Running’s time problem

I recently read an article online about qualifying for the Boston Marathon. Not because the race interests me all that much (I’m far more interested in trail stuff these days) or that I could even manage to qualify for it. In fact, I was mostly reading this article while shaking my head at the way that running speed and time were being talked about here.

Now, don’t get me wrong, I understand there’s a breed of runner out there that is dedicated to speed, winning races. There’s lots of them. However, there’s a lot more people out there who never even try running because they believe that running is nothing but winning, placing, speed. For example, I will probably never place on a podium. I’m OK with that. I have a screwed up ankle, I have funky knees, I have a cardiovascular system ravaged by decades of “sure, I’ll just have one more”, whether that “one more” was a beer or a slice of pizza.

I am a runner who runs to run. The act, the activity draws me. The physical improvements to my body are, frankly, a very very nice bonus. I do races now and again primarily to challenge myself against myself. Against the course. A 3-legged goat would likely podium before I would, and I’m OK with that.

Trouble is, a lot of people see running through the lens of the speed junkies. Yes, improvement is HUGE and is a part of running, but it is a cog in the machine for me, not the goal. I averaged around a 10-11 minute mile when running my long runs, not because I was aiming for that, but because that was my pace. If anything was important for me, it was the total length of time I was running, not time mapped against distance. Oddly, that was just a happenstance. I ran for an hour, I covered 5 miles. Neat. I ran another hour and covered another 5 miles. SUPER.

Now some people might grab a calculator and start trying to figure out my pace. But I’ll have walked away by then, the metrics aren’t why I run. And maybe that’s why I enjoy it, I’m more focused on the moment, tempo, strides per minute, form. Any time I felt like I was pushing hard to make some kind of randomly assigned goal, I suddenly became less enamored of the exercise.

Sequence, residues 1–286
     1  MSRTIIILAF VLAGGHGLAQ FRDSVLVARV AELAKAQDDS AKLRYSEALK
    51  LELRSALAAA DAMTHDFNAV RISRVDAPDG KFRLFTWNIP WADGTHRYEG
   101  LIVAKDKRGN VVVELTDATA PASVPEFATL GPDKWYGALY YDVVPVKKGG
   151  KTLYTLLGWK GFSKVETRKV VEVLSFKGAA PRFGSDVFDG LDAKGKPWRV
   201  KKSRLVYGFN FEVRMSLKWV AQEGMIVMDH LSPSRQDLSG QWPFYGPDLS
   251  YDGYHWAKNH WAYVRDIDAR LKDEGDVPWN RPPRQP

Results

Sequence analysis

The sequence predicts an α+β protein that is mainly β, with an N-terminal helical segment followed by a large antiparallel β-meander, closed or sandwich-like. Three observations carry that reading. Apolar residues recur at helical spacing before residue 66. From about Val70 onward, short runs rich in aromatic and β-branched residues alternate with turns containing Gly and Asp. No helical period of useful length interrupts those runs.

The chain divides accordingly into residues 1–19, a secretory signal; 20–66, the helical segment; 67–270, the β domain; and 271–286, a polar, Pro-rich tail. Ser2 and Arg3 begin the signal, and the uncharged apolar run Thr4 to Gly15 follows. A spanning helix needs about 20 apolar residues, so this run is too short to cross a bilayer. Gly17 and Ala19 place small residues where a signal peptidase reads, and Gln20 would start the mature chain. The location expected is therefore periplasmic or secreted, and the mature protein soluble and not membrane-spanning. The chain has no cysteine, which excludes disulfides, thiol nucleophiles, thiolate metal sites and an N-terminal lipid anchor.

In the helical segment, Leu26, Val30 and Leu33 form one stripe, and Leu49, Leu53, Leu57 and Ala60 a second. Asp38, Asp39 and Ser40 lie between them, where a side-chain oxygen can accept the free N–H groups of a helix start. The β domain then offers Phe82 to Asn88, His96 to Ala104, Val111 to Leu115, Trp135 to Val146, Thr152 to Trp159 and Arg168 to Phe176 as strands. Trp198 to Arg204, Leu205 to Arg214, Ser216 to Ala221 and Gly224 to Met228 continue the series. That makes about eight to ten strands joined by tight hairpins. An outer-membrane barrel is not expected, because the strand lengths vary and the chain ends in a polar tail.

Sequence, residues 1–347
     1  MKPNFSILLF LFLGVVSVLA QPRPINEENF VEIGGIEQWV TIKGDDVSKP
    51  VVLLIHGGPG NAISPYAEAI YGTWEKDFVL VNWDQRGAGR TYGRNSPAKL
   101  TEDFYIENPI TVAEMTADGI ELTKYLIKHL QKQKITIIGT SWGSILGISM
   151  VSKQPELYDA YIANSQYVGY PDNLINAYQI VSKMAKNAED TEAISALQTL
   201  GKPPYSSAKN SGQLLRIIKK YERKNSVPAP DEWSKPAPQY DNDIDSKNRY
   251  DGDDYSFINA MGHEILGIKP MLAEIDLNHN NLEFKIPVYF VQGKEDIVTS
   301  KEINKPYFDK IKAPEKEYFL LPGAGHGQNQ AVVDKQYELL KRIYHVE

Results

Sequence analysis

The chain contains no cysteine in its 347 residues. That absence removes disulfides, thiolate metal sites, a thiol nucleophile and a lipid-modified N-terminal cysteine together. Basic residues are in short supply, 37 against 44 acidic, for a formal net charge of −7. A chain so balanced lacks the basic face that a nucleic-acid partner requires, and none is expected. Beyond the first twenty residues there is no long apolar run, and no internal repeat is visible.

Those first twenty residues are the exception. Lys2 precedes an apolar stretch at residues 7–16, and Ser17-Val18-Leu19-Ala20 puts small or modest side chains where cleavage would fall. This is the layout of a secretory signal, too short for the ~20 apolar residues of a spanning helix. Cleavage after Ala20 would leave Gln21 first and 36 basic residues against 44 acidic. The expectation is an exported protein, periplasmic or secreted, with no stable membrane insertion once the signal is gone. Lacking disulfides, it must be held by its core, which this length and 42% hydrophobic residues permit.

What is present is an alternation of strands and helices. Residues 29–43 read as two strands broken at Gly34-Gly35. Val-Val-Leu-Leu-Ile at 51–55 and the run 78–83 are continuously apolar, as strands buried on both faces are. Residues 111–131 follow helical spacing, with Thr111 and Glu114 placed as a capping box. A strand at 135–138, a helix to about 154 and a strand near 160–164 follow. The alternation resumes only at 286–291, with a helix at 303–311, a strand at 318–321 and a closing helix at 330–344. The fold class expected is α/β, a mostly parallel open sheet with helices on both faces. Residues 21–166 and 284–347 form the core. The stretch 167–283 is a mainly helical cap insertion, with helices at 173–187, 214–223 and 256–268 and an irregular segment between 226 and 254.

I think that is why a lot of people never give running a second look. They see the ripped skinny pros absolutely tearing through the coarse, look down at themselves, shake their head and walk off. If you’re excited about running a particular distance at a particular pace, awesome! Train, run, eat well and rock it. But it is just as personal and valid to want to run for 20 minutes a day, no matter the distance. Or an hour. Or do 3 miles, however long it takes. Or mess around on some barefoot wind-sprints in a grassy field. I’m not saying that training programs are bad, they’re awesome for people that want to go that direction. But sometimes when you enter the sport, you’re not ready. You want to play, and you should. Have fun. Read books and run and be a kid again.

And maybe, a year later, you’ll suddenly find yourself looking at those training programs with a wary eye, thinking “you know… that might be fun too. I wonder if I could run a 1/2 in under 2 hours”. Or you might just keep doing your thing, having fun, becoming more fit accidentally. If you’re a runner, you’re a runner. Even if you don’t know your PR on every distance.

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